Mortgage lenders were accused of holding back economic recovery in the financial press this weekend, with recent figures revealing that banks are operating on the highest profit margin for 20 years. The Mail on Sunday reported that that the average 2 year tracker is now 3.27% above the Bank of England base rate – a significant rise from the average margin of 1.51% this time last year – and there appears to be little sign of margins narrowing. Experts in the Independent on Sunday argue that lenders are wary of attracting business they cannot cope with, so their failure to pass on a recent drop in swap rates can be attributed to cautious lending rather than simple profiteering. This does not help borrowers with little or no equity suggested the Sunday Telegraph, with the best rates on the market still only available to those with at least a 25% deposit. With a sharp increase in fixed rates and predictions that base rate will remain low for the foreseeable future, tracker rates are becoming a more tempting prospect, and the Guardian, Financial Times and Sunday Times all suggest careful consideration of this as an option. The Sunday Times discussed the ever present issue of green living, following a government announcement that homeowners will be encouraged to create their own power via clean energy cashback systems, under which they would be paid for the power they produce. This will obviously require alterations to many homes, and green loans are already available through lenders such as the Co-Op Bank and Ecology Building Society. Experts suggested however that it may be more prudent to find the best mortgage deal and put any savings to ecological use instead. In savings news, the Sunday Mirror revealed that 22 million savers have no idea what interest rate they are currently paying. The average variable savings rate is now just 0.94%, but there are some very competitive rates on offer and the advice given was to switch to a better deal as soon possible.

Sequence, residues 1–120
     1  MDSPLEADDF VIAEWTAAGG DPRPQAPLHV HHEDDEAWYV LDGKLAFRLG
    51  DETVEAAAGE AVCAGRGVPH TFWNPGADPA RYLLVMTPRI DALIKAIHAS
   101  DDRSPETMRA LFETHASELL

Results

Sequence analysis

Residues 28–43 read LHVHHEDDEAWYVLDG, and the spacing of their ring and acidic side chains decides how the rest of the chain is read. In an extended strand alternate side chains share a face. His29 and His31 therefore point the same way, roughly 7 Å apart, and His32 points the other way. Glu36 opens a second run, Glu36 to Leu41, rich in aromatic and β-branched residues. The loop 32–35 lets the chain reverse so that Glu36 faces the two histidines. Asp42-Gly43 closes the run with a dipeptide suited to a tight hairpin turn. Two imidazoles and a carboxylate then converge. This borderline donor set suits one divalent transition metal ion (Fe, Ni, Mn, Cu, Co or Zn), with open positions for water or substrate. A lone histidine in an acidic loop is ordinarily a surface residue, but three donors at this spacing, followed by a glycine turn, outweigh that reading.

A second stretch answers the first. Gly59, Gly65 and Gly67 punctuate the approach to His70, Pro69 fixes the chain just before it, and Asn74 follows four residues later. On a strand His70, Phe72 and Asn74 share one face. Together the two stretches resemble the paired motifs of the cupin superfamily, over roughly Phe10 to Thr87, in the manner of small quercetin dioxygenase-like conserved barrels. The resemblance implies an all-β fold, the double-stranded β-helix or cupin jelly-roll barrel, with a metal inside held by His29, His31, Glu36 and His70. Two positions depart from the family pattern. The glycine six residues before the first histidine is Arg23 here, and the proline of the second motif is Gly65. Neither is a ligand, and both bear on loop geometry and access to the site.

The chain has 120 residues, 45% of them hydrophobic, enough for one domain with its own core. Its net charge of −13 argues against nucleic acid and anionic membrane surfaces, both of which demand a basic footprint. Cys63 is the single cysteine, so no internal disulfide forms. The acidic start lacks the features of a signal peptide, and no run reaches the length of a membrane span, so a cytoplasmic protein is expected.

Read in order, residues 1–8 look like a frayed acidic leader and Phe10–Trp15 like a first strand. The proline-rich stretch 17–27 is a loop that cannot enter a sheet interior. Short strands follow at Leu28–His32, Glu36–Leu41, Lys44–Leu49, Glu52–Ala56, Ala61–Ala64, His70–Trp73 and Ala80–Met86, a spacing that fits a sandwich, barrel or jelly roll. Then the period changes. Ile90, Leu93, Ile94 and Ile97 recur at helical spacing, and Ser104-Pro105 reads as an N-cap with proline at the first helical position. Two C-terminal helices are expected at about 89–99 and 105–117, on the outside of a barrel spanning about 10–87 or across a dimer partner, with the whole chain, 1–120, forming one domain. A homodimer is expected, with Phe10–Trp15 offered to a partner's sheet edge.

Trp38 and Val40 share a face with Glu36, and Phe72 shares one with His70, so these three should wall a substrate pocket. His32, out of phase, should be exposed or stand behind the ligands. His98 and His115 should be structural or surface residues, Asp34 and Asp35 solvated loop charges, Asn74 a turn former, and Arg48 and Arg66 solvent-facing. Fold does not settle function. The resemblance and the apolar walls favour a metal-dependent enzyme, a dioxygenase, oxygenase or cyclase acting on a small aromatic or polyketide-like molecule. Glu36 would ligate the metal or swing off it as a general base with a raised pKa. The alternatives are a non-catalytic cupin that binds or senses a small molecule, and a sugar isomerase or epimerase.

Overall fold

What the papers say- 18th and 19th July 2009